Reef Octopus recently announced their latest offering, a new series of hang-on style media reactors. These reactors will initially be available in two different sizes, with each one coming as a plug-n-play kit ready to be used right out of the box. Each reactor comes with a feed pump and all of the necessary fittings and hoses needed for installation, though hobbyists will need to provide their own media of choice. Fortunately, this new hang-on reactor can use most media types currently available to hobbyists, such as biopellets, carbon, or GFO to name a few. However, based on the flow rate of the feed pumps, we assume they were initially developed to tumble biopellet media, and we suggest swapping out the pump with a lower flow model and maybe adding a flow restricting valve to give yourself more control and the ability to use more media
Despite their hang-on mounting style, these reactors are bigger than what you might expect. The smaller of the two reactors, called the MF-300, has a chamber diameter of 2.5″, stands 15″ tall, and has a footprint of 4″x4″. The MF-800 is quite a bit larger, with a 5.5″ x 5.5″ footprint, a 4″ diameter, and an 18.5″ overall height. No tank ratings were given with the product information, but we assume this smaller reactor is suitable for aquariums up to 150-gallons based on a quick comparison of the dimensions with those of competing media reactors. The MF-800 is probably ideal for aquariums over 300-gallons, but again we are basing that rating on competing products and they may not be accurate projections.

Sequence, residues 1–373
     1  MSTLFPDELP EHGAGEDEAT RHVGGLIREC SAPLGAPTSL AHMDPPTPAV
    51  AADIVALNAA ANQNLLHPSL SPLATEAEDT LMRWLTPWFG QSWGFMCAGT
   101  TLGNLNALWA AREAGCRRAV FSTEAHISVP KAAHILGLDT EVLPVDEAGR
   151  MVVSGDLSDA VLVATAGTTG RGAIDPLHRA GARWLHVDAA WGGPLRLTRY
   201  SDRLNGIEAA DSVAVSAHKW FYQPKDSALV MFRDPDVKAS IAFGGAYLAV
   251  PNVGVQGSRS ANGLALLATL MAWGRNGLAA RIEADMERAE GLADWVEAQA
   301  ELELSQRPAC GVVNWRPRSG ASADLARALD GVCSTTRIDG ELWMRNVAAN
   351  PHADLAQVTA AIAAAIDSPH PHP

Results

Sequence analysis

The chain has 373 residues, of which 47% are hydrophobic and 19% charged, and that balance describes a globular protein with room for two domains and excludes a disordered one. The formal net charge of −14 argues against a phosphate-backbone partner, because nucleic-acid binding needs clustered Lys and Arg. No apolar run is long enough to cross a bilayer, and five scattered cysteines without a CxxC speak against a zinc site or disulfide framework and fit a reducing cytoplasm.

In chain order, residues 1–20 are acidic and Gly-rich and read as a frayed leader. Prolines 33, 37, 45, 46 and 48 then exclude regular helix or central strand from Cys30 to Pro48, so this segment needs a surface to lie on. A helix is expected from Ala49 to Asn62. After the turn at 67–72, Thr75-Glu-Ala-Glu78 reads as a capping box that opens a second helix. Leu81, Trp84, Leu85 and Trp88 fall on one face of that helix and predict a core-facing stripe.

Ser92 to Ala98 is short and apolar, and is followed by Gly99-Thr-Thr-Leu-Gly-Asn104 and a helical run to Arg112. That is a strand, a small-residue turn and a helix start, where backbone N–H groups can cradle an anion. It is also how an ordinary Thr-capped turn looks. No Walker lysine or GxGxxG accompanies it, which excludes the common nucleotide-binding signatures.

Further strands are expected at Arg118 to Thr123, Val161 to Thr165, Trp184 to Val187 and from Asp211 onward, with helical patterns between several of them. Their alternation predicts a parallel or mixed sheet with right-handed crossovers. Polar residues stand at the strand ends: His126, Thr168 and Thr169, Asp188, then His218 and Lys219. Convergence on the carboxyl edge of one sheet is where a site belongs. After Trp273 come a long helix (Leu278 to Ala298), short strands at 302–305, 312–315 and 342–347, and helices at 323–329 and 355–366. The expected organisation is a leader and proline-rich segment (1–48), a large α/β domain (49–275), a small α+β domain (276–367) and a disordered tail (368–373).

As for the mounting hardware for these hang-on media reactors, both utilize a small mounting bracket and an array of suction cups. The mounting bracket secures the reactor to the top of the aquarium or sump, while the suction cups keep the reactor from moving around. We’re not a big fan of suction cups, and in all honesty we don’t see the need for any type of additional attachment to the tank. A simple mounting bracket should suffice for a product such as this, so it’s a good thing the suction cups can be removed with little effort. And if mounting the reactor to the side of the tank doesn’t float your boat, the hang-on reactor also comes with what appears to be a boot at its base, allowing it to stand freely on the floor of the aquarium stand.
Pricing and availability remain elusive at the moment, but we’ll update if we get anymore information.